Sunday, 14 August 2011
It took me a little longer than usual to finish this book, because I longed to escape from it. Yet 'Alone in Berlin' had an invibible hold on me. I was trapped by it; the story was so gripping, I didn't dare to leave it hanging there haunting me; I had to end it. I owed it to the characters, to those who were suspended in time on page 241. And now that it is finished? Well, let's just say that I understand more about what it is to be human after visiting its pages, having journeyed into that place in history peopled by mad-men and tortured angels.
The book tells the true story of Otto Quangel and his wife Anna, (not the original names of the people involved) who decide to hit out at the Nazi regime in wartime Germany, by writing postcards decrying the actions of the Fuhrer. They leave them at various locations in Berlin, for the public to find. It's a dangerous action to take, punishable by death, in a world where everyone is a spy; your child, your neighbour, your boss.
So much for the plot. I cannot tell you any more about that or the book would be ruined for you. I will tell you that since reading this book, I have a deeper understanding of what took place in Germany during the Second World War. It's as if a veil has been lifted. I always wondered what the Germans were doing, letting so many people suffer in such brutality in the concentration camps; how Hitler and his henchmen were allowed to run riot for so long without decent people putting a stop to it. Now I know.
The brilliance of this book - and I do class it as a masterpiece - is that it captures the essence of fear. Written in 1946, just a year after the war ended, it is soaked in the atmosphere of that time: the terror, the distrust and the claustrophobic atmosphere of life under Hitler. I never realised how the every day German people lived under the constant threat of concentration camps and how brutally they themselves were treated by their own police force and the Gestapo. The author, Hans Fallada, tragically died before his book was published, but letters tell us that he knew he had written a good book. He at varying times during the war he was imprisoned for his anti-nationalistic writing but was also pressurised to write material in support of the Nazi Party. As a consequence, he spent much of the war locked up in a psychiatric hospital. It seems Fallada knew only too well the price of having a conscience in Nazi Germany.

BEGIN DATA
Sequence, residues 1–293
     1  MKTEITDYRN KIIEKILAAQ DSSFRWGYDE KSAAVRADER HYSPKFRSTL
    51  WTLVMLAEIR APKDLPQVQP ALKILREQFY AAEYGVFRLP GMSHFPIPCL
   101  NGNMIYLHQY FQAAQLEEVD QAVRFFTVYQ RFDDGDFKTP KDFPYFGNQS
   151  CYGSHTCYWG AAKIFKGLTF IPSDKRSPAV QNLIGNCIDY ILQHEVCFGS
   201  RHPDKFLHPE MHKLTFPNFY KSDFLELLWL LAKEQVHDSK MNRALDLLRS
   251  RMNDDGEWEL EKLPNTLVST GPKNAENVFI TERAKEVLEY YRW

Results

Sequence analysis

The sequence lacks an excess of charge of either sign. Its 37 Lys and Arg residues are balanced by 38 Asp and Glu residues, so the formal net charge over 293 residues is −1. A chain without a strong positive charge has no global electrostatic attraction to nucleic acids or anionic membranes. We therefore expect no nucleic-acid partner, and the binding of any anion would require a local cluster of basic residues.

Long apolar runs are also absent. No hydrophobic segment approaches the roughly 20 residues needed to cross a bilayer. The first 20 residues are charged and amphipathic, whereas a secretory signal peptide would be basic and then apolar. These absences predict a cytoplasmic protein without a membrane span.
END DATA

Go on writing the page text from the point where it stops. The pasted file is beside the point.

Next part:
Yet, at the heart of this book, there is a great love story. Against all odds, we see two people, Otto and Anna Quangel, risk everything for a cause they believe in, and in doing so, become deeper in love than they have ever been. They cling to each other, trust in each other. It's inspiring, moving.
But the plot involves various other characters too, many of whom would be at home in the dark corners of a Dickens novel. There is Enno Klunge who would sell his mother for a piece of bread; Borkhausen, the blackmailer, who preys on the newly-bereaved in case they should rant against the Fuhrer in their anger; Obergruppenfuhrer Prall who is so drunk on French wine that his wild and vicious attacks leave even the SS fearing for their lives; and Baldur Persickle, Nazism personified, whose malevolence knows no bounds.
Balanced against these despicable characters are the likes of Eva Klunge, the post-lady, who quietly delivers the death telegrams around the streets of Berlin and takes a stand against The Party; Trudel Baumann, who dreams of a private, safe existence for her husband and unborn child; and Judge Fromm, who, like a magical wizard from Tolkien, appears out of nowhere to achieve the impossible. I do not know if any or all of these characters have their basis in real life, but I do know that I will never forget any of then, so masterfully have they been created.
Fallada is indeed a master. Consider the cleverness of the book's title - especially the use of the word 'Alone'. It and all its connotations mean so much in relation to the story as a whole. Each character at some point comes to realise that they are all alone in the world. Some are driven by self-preservation, knowing that each person is ultimately alone and must ensure their own survival. Similarly, a number of characters are faced with physical isolation; and the author considers the consequences of solitary confinement and how it effects people. Characters are also forced to face their conscience, realising, or not, that they alone are accountable for their actions.
The idea of being 'alone' in the novel is also important in that, at times, it seems that the Quangels are alone in their defiance of Nazism - acting alone in Berlin- and while it appears that none of the German people really made any resistance to the Nazis, not like the organised resistance of the French for example, this book demonstrates that there was some defiance, but that it happened on a small, individual scale, as people acted alone.
This book is not one to read on a summer's trip to the beach, but is is still well worth reading. If you are interested in the history of this period, or simply would like to read about the triumph of the human soul, then this wonderful, wonderful book is for you.